The weakened Gulf Stream is a threat to winter shipping
New data shows that the Gulf Stream is weakening. Scientists are seeing a 10–20% decline in the stream’s circulation, its weakest in 1600 years.
This worrying development has a direct impact on winter shipping in the Nordic waters.
– If this forecast is accurate, both officers and crew will face new challenges. But there are ways to tackle these, says Tommy Brune, Senior Claims Executive at Alandia.
For Tommy Brune, who himself has experience of ice navigation in both Canada and the Nordic region, the last few winters have proved that it is time to scrap the old saying No ice in January means no ice this winter.
– As I have spoken to the Swedish Executive Board of Ice-breaking Services and several Captains on our icebreakers, it has become clear to me that the winter period has shifted, says Tommy Brune.
The water masses in the Bothnian Bay and the Bothnian Sea have become warmer and that change means that the freeze-up happens later. In addition to that, the warmer water feeds more energy to the air masses above the sea.
– That results in stronger winds and at times heavy snowfall above land when these air masses have been fed enough moisture from the sea.
The strong winds also press together drift ice, either along the Finnish or the Swedish coast, depending on the wind direction. That produces jammed brash barriers that are much longer than experienced before.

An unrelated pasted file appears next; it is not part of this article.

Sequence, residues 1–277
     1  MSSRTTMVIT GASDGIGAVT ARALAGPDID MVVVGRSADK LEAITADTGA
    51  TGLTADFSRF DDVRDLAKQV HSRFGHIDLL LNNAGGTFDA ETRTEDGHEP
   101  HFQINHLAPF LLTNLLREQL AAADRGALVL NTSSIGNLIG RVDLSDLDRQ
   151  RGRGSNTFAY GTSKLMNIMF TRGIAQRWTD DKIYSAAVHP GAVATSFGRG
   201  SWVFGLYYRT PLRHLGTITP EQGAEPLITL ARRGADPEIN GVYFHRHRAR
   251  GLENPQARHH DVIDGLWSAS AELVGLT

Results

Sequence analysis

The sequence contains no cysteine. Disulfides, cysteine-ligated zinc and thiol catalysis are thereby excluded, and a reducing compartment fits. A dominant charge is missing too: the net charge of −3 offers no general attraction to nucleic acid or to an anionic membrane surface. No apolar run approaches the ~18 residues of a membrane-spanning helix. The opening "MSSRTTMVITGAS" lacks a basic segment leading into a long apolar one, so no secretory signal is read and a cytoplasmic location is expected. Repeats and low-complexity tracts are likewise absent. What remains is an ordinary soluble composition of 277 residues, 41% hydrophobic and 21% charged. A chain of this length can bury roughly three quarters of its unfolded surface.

– That creates concerns for our icebreakers as these longer jammed brash barriers can be very hard to force. Not to mention how challenging the barriers are for regular vessels.
Crews on alert
The combination of later freeze-up and temperatures close to zero degrees Celsius creates belts of drifting ice that quickly can change position, depending on the wind direction and strength.
– These changes create volatile situations where the crew needs to be alert at all times. Depending on how dense the drift ice is, it is a much more challenging environment to navigate in than solid ice. A compact ice sheet is more predictable than drift ice, it can surprise you by quickly creating thick belts that are difficult to penetrate, says Tommy Brune.
And then there is also another risky combination: open waters, wind and temperatures close to zero degrees Celsius. That is a mix that can produce dangerous sea spray icing.
– With ice spray a worst-case scenario is that the vessel’s stability is at risk. It is an unusual scenario, but still a risk not to be taken lightly, says Tommy Brune and continues:
– The ice spray often produces a thick layer of ice on exposed parts of the vessel. If the crew lacks the experience or the knowledge how to protect the vessel’s anchor windlass and mooring winches, the equipment can get completely encapsulated by ice.
In order to avoid the long and hard work to remove all the ice Tommy Brune suggests a simple solution:
– Just secure a tarp around the equipment before arriving in areas where ice spray may occur. Also remember to warm-up the windlass and winches well ahead of usage. And last but not least: in these challenging circumstances the officers need to secure the safety of the crew working on deck and at the mooring stations.
Less engine power, more danger
Tommy Brune’s discussions with icebreaker officers have revealed another worrying development. It is becoming more common that shipping companies or charterers order their officers to reduce the engine output to around 80%. It is a decision that cuts the vessel’s bunker consumption and has environmental arguments, but it creates a problematic situation in thick ice where all the vessel’s power is required.